She’s Back, and Just as Crazy as Before

Well, I cannot remember the last time I wrote on this blog. Okay, that is a lie, I know the last time I wrote was back in July after I finished Ironman Lake Placid. There have been numerous instances when I have thought about this blog, including really interesting topics to discuss. But alas, life got in the way, and grad school has become a priority over blogging. Only three more years of school to go!

Anyway, fall has come and almost left in the Hudson Valley. The leaves have fallen, or are almost gone. I have no idea where September or October went. Before we know it, it will be the Holidays! Between work and school, I was able to take full advantage of the gorgeous fall days that we had and take a plethora of foliage photos. The scenery never gets old for me here.

I have heard of people becoming a bit depressed after finishing up their first ironman triathlon. I would not say that I became depressed. In fact, it was nice not having 5-6 hr rides planned on my days off from work. I did find myself wondering what to do with all my free time (back before I started school haha). I actually found myself highly unmotivated to do anything related to triathlons, especially swimming. So, I took a three month triathlon hiatus and focused on things that I had neglected while training for IMLP, including spending time with my man, and doing activities such as mountain biking and trail running. I must admit, it was a nice change of pace.

But now with the days getting shorter, and the weather getting chillier, I decided I want to train for a couple other (short) races next year, and do another triathlon. In fact, all through Sept/October (especially since I started trail running again) I kept thinking about S.O.S: Survival of the Shawangunks. I remember mentioning the race back when I first started this blog five years ago and writing:

I’ve studied the map and website for the race, gawking over the different stages, and give any athlete who has completed the race my utmost respect. There is no way I could ever complete a race like that.

At that point in my life, I had not started swimming again and had just completed two sprint duathlons–I never imagined I would (1) ever do a triathlon let alone (2) completed a full iron distance race. I guess a lot can change in a couple years.

Anyway, I thought it would be really challenging, and super fun, if I was able to do S.O.S. After all, the race is local, which means it would be easy for family to get to, and I could do a large part of training on the race course itself.

The first challenge of this triathlon would be registering for it. Apparently, it sells out within minutes of when registration online opens. I am not one to wait for any registration to open. In fact, I am not one to wait in lines for anything to open (except for that one time in September when Kevin wanted to get a special release Beer up in VT). But, I guess I’ve changed. So the night of registration, I drank lots of caffeine and ate some candy* and waited for the registration to open.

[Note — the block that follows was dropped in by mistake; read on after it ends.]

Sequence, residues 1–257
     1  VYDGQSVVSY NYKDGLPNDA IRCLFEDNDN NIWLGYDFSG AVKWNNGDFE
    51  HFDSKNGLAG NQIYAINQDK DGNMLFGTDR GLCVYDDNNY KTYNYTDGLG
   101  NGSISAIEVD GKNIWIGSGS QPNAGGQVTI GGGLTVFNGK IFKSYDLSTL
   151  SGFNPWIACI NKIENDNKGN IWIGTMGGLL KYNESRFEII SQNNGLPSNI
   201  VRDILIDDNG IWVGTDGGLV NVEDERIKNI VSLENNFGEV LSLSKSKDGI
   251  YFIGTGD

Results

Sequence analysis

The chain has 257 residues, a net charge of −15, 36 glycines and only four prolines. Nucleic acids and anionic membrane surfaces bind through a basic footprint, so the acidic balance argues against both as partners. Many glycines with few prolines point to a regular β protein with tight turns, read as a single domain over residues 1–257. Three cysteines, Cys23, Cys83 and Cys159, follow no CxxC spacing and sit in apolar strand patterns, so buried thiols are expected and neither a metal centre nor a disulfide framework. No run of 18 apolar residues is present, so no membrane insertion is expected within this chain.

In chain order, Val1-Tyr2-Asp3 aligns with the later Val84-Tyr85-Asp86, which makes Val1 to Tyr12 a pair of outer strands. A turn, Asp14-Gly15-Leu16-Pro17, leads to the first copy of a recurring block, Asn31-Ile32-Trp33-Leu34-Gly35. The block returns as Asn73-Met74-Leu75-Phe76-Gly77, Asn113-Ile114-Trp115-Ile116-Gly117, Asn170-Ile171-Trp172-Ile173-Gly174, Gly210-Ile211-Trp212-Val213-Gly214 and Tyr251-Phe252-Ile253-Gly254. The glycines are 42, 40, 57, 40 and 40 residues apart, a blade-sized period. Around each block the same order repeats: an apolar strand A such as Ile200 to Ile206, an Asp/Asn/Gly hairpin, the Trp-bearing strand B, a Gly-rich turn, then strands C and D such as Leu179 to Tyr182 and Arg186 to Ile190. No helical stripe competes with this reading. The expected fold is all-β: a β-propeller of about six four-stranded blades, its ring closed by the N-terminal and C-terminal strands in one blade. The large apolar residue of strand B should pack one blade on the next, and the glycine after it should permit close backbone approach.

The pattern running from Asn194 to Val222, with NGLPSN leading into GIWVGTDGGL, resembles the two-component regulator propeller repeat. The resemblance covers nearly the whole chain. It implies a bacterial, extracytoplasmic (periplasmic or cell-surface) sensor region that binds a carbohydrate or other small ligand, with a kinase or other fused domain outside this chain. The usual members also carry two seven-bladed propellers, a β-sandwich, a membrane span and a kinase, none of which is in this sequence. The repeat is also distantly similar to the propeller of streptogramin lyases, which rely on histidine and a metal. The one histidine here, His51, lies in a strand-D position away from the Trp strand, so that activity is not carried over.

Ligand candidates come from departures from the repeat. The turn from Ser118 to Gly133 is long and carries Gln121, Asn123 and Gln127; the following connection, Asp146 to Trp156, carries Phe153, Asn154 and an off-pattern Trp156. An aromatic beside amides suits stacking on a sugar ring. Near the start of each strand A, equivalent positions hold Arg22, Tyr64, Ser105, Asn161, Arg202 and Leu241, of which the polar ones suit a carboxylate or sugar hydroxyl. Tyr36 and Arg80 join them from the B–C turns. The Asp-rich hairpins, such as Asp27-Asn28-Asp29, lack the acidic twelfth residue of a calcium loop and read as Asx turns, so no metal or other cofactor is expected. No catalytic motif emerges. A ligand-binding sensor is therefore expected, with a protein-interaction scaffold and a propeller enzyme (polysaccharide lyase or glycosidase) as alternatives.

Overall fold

Within eight minutes, the race sold out.

And I was lucky to snatch a spot for the race in 2016 😀

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If you are unfamiliar with what S.O.S. is, it is an eight-stage triathlon that takes racers through Minnewaska State Park and Mohonk. It starts with you riding for thirty miles (with the last 5 miles all uphill), then you run, then swim, then run, then swim, then run….then swim….then run up to the finish at Skytop tower. The thing that is unique to this multi stage event is you must carry everything you will be using from your first bike-to-run transition. I still don’t know how I am going to do that, but I have some time to figure it out.

This brings a whole new set of challenges for me, including swimming with shoes , and having multiple swims and runs during a race. But I embrace the challenge, and am giddy with excitement for this next event!**

I guess this means I should start swimming again, huh?

*I actually had pizza and a beer instead of coffee and candy, but neither choices are healthy, so why does it really matter? 😛

**I will be recruiting the best support team out there to help me with this next challenge if they are up for it (wink wink to my man and soul sister)

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Becoming an Ironman: the Run

After handing off my bike to an amazing volunteer (there were other volunteers asking if you were alright and if you needed anything!), I walked, along with others, to grab my run bag. I felt no need to rush, as I was about to embark on a 26.2 mile run.

By this time, it was warming up, and I thought it would  be a nice time for a shower of some sort to pass by. But, Mother Nature had the rain happen at last years event, not this years. I sat down in the changing tent and a volunteer brought me a cup of water. The volunteer was SO helpful and patient with me! I changed into running shorts and put on a new pair of bright compression calf sleeves (so that I would “stand out” and family could find me more easily). I grabbed my race belt, visor, sunglasses, and a Honey Stinger, and walked outside and asked the Sunscreen volunteers if I could have some sunscreen (i forgot to put it on my legs for the ride–oops). I’ve never had three people apply sunscreen to various parts of my body before! They were dancing and singing– under different circumstances one might see this as some sort of rite of passage in a cult. But in an Ironman, it is totally acceptable to have people smear suntan lotion all over you! I thanked them, and was out of transition.